The Winnipeg Jets and their head coach regularly blame speed, or lack thereof, during post-game appraisals of their NHL defeats.

The Winnipeg Jets and their head coach regularly blame speed, or lack thereof, during post-game appraisals of their NHL defeats.

Lately, the Central Division team has been on the losing end far too often — with just one regulation victory in its last seven outings — and its inability to match the quickness of its opponents has been a major factor.

The Jets have been designed with speed in mind. Kyle Connor and Nikolaj Ehlers are blessed with lightning quickness up front, while Pierre-Luc Dubois, Mark Scheifele and Jansen Harkins can shift into a higher gear than many of their league counterparts.

On the back end, Josh Morrissey, Neal Pionk and Nate Schmidt supply top-flight mobility.

But the essence of NHL quickness isn't just a player's ability to dart up and down the ice. There's no skills competition out there, with bonus points for a blazing lap around the rink.

Quickness comes in other forms, says a sizable Winnipeg forward who isn't exactly revered as fleet of foot.

"It's not necessarily just about skating speed. It's the quickness in your decisions, the quickness in your reads," said 6-5, 210-pound centre Adam Lowry. "You could be moving quickly, but if you're going to the wrong spot you're gonna be playing a little slower. You're not going to be pushing (opponents) back, you're not gonna be in the right spots for your guys.

"It's about getting on the same page with whoever you're playing with… that you know as soon as you get the puck you have a couple of outs, so you don't have to take that split second — you have to look — but you don't have to survey if there's a better option. You're taking your first read, you're moving from there."

The Jets (10-8-2) host the visiting New Jersey Devils on Friday at 7 p.m., the second game of a four-game stretch at home. Winnipeg is just 1-5-1 in its last seven games — outscored 21-9 — and was fifth in the Central Division prior to Thursday's slate of games.

The Devils were in St. Paul, Minn., on Thursday night to battle the streaking Wild before playing 24 hours later in the Manitoba capital.

The Jets did some primary work on their struggling power play but also ran line-rush drills, with a focus on quick, tape-to-tape passes from their blue-liners to forwards in motion. Head coach Paul Maurice barked out repeatedly he wanted to see breakouts and zone entries at top velocity.

It's the old adage of practise like you play.

"It’s definitely a mindset. It’s having that mindset of wanting to do everything at a quick pace," said defenceman Brenden Dillon. "Getting those reps in at practice, all those things become a habit for you and it becomes your normal, and it gets engrained in you.

"For our team, we’re definitely built around speed, and all of our players – our forward lines, our defence – we’re a mobile group and I think it’s moving pucks quick, it’s shooting pucks quick, it’s being fast in how the puck is moved and how you're in getting to spots, whether that’s the defensive zone, the neutral zone or the offensive zone. We’re at our best when we’re attacking quickly and getting pucks to the net."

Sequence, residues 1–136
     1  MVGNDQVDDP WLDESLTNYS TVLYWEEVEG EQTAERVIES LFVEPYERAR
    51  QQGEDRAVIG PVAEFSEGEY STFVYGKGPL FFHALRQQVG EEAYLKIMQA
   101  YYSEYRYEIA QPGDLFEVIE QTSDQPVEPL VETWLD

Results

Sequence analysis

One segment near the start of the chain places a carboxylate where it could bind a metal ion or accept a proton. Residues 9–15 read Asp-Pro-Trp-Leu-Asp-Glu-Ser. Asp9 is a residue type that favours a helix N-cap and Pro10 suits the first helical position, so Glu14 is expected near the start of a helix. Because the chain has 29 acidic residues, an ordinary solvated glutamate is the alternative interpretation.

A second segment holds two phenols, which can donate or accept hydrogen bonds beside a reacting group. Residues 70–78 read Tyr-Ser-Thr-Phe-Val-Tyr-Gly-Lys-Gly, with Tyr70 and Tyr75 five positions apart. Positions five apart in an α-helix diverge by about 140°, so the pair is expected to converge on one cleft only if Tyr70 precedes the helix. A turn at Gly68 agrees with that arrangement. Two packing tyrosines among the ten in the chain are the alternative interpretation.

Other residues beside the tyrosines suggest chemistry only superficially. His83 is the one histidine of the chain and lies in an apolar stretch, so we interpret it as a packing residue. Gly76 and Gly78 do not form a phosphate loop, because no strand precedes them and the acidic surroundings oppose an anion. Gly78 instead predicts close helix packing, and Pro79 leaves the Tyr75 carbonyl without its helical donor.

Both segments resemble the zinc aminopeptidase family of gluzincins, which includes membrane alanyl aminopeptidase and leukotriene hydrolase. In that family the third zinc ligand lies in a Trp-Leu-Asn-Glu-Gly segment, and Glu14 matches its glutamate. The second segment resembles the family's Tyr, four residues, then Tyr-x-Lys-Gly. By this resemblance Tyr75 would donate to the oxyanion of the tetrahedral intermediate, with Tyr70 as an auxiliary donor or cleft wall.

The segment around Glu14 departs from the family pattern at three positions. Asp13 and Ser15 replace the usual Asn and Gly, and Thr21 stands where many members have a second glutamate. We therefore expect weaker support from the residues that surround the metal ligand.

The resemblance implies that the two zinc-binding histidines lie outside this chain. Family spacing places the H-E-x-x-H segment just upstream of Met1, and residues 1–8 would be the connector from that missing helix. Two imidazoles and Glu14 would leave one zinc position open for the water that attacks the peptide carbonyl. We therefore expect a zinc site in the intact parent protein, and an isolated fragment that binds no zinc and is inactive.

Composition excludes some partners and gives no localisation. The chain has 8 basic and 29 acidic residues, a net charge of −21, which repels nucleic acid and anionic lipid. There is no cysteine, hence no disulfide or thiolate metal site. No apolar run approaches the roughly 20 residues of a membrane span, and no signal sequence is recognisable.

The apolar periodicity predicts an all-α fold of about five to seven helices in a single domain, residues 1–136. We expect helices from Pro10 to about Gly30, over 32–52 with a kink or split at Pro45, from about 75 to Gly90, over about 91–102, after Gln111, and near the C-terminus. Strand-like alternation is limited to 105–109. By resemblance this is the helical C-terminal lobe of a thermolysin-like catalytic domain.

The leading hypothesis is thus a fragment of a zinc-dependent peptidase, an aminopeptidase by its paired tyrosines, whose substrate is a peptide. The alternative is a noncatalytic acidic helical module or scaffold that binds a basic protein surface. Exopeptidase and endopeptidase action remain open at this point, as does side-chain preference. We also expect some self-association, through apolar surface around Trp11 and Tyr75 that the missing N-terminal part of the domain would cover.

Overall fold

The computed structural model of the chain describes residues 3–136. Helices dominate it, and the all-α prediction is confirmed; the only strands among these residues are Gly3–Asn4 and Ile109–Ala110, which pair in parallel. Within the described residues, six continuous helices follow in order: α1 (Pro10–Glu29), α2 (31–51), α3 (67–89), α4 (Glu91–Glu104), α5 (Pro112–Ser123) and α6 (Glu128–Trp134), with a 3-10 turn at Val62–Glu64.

The Jets have played in four time zones over the last two weeks and have appeared fatigued at times, particularly in Minnesota in a 7-1 spanking Friday. They did respond one night later, rallying to defeat the Flames 4-2 in Calgary.

Players had Tuesday off, while most opted to stay away from the rink when Wednesday's skate was made optional by the coaching staff. But the tempo was jacked up to high Thursday.

Maurice said it's his responsibility to ensure the club is ready for flight.

"The mental component of speed, it’s what I feel my job is. Your job is to get your team to play fast. How you prep them in practice," he said. "Most of the game speed is the people without the puck reading either the puck carrier or the first forechecker. If you can increase the percentage of an understanding of what is going to happen next, your team will play faster.

"(It's also) what you do with the puck and your mindset with the puck changes the speed of the game. If you think you’re shooting the puck, you’re more likely to go to the net. If you think you’re going to pull up and make a pass, you’re more likely to get into a shooting lane. I think you’ve heard me say I want all of them to play like shooters. They don’t have to shoot the puck. I want them to move like they’re going to shoot the puck. That’s their main goal. When we do that, I think we’re fast."

jason.bell@freepress.mb.ca Twitter: @WFPJasonBell

Jason Bell

Jason Bell
Assistant sports editor

Jason Bell wanted to be a lawyer when he was a kid. The movie The Paper Chase got him hooked on the idea of law school and, possibly, falling in love with someone exactly like Lindsay Wagner (before she went all bionic).